Journalist, producer and media consultant mixing it up for TV, online, newspapers and magazines. I cover travel, lifestyle, trends, design and people. Mainly. This is the HQ for previous work, and an introduction to current. I work all over the world and live on a farm in Cadiz which I write about intermittently at somewheresville.org.
As children’s laureate, the author Michael Morpurgo travelled far and wide like a literary missionary for two years, persuading children of the importance of books, the power of great literature to inspire and to open new worlds. Now back at home in deepest Devon, he’ll be able to write more. And he’ll also be able to spend more time at Nethercott, the farm he and his wife Clare bought in 1976 when they founded Farms for City Children, a project designed to open up a particularly strange and liberating world: the countryside.
If your childhood summers were spent romping unchaperoned through fields and woods and leaping into rivers, you are either old, lucky or thinking of France. Few British children have any experience of country life these days. Most grow up in urban environments, their outdoor play restricted by lack of space and lurking danger. So we are an urban society, increasingly detached from our rural surroundings, but does that matter? Well, the government thinks it does. It decrees the countryside “an enormous recreational asset”, and has set the Countryside Agency to work on enticing ethnic minorities, the disabled, residents of inner-city estates and youngsters into enjoying its health-giving properties.
And there is a more urgent reason for reconnecting urban people and rural spaces. Urban voters account for more than 90 per cent of the national vote. The countryside’s future will depend almost entirely on people who have rarely, if ever, seen it. A bit of education would seem to be in order, as the Ministry of Education pointed out 40 years ago when it recommended farm visits for schools. Farms aren’t the countryside, but they cover 80 per cent of it so they’re a good place to start.
The Farms for City Children approach is a mix of muck and magic as one might expect with Morpurgo, Ted Hughes and Quentin Blake as co-founder, founding president and vice-president respectively. About 3,000 children – most from inner cities and aged between 8 and 11 – spend a week each year working at one of the charity’s three farms in Devon, Dyfed and Gloucestershire. The farm, while interesting in itself, is a mechanism, a means to engage the children, physically and emotionally. Out in the fresh air, busy and covered in muck, they have the freedom to discover the joys of the natural world.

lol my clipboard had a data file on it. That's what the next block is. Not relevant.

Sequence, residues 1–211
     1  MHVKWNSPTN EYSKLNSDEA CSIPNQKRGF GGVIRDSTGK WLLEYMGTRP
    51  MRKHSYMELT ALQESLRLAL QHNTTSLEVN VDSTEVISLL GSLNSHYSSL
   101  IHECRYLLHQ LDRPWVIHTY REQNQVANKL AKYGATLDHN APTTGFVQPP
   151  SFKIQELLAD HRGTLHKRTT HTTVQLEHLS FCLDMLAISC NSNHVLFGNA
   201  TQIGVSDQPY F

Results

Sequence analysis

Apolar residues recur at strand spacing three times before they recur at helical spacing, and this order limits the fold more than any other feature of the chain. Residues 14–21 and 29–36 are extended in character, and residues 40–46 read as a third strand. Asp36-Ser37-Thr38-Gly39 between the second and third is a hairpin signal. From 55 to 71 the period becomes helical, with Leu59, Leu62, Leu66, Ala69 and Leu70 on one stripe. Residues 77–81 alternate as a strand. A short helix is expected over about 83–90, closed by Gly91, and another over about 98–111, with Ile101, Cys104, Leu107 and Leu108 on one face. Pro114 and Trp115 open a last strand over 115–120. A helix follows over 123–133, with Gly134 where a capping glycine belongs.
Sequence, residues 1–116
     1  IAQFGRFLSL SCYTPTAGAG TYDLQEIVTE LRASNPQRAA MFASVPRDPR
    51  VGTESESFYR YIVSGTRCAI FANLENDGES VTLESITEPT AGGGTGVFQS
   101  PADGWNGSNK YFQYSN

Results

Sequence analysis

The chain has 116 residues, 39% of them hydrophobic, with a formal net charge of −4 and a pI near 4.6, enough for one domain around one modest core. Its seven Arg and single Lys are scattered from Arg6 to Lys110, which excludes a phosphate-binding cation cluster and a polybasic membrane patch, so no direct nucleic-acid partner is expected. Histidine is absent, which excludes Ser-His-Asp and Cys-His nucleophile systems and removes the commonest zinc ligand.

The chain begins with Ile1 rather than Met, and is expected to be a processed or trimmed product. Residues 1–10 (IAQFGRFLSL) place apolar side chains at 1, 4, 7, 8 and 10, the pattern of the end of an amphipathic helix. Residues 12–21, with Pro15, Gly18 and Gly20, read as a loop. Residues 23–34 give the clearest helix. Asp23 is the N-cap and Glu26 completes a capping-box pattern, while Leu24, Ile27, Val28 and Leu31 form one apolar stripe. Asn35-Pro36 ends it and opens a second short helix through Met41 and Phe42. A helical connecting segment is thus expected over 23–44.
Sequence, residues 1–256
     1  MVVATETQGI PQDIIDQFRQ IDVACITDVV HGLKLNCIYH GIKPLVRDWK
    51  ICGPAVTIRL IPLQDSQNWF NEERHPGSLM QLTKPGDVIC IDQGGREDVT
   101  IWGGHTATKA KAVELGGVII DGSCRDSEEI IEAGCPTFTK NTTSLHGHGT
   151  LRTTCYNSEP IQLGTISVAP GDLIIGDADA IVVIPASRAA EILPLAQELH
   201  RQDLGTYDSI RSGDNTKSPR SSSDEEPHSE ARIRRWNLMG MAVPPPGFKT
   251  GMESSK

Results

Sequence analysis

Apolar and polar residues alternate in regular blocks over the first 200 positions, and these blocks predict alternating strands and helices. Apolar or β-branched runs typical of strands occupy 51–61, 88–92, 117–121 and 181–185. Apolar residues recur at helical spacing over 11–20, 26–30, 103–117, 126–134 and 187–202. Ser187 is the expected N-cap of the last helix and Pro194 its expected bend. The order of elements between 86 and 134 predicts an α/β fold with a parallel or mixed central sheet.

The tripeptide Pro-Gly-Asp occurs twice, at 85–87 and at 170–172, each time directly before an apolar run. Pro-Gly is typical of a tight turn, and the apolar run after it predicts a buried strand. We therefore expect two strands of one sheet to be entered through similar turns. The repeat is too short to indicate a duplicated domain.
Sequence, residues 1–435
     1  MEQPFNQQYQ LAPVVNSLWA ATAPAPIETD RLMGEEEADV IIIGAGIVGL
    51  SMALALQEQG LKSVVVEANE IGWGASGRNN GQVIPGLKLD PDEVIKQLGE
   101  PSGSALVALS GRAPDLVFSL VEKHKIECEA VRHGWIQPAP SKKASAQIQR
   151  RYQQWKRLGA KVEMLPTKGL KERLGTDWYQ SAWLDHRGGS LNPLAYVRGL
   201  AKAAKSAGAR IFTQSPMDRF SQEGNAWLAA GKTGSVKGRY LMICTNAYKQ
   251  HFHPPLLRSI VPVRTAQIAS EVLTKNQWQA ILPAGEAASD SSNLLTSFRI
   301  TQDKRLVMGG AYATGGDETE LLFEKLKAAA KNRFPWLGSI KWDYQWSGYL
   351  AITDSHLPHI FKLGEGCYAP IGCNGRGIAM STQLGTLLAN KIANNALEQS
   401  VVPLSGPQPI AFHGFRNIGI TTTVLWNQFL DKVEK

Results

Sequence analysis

The underlying aim is simply to restore the connections lost over the years, says Morpurgo: “A closeness to land, to the people that work the land; the opportunity to be in a place where they are literally in touch with the world around them, to be involved in the co-operative venture of working on a farm, to be doing something that is useful, that they can see is useful. The children wouldn’t express it that way, of course.
“One great problem is that we have become a nation of museum and theme-park goers,” he says, “rather than getting stuck in and seeing what lies underneath, what makes things go.” It is possible now to visit farms all over the country, but many, says Morpurgo, are “the agricultural equivalent of theme parks. I’m not sneering, they are terrific in one way and they broaden horizons, but the snag is that children will see but not do. Riding a tractor and having a cream tea does not increase an understanding of the reality of farming. It’s not as important as getting out and getting stuck in, doing conservation work, walking, rock climbing. Not as important as getting children cold, hot, in the wind and rain, exposed to it all. Sean Rafferty, a wonderful old poet, beautifully described children seeing the dark for the first time, cracking ice on puddles as they go down the lane to feed the calves.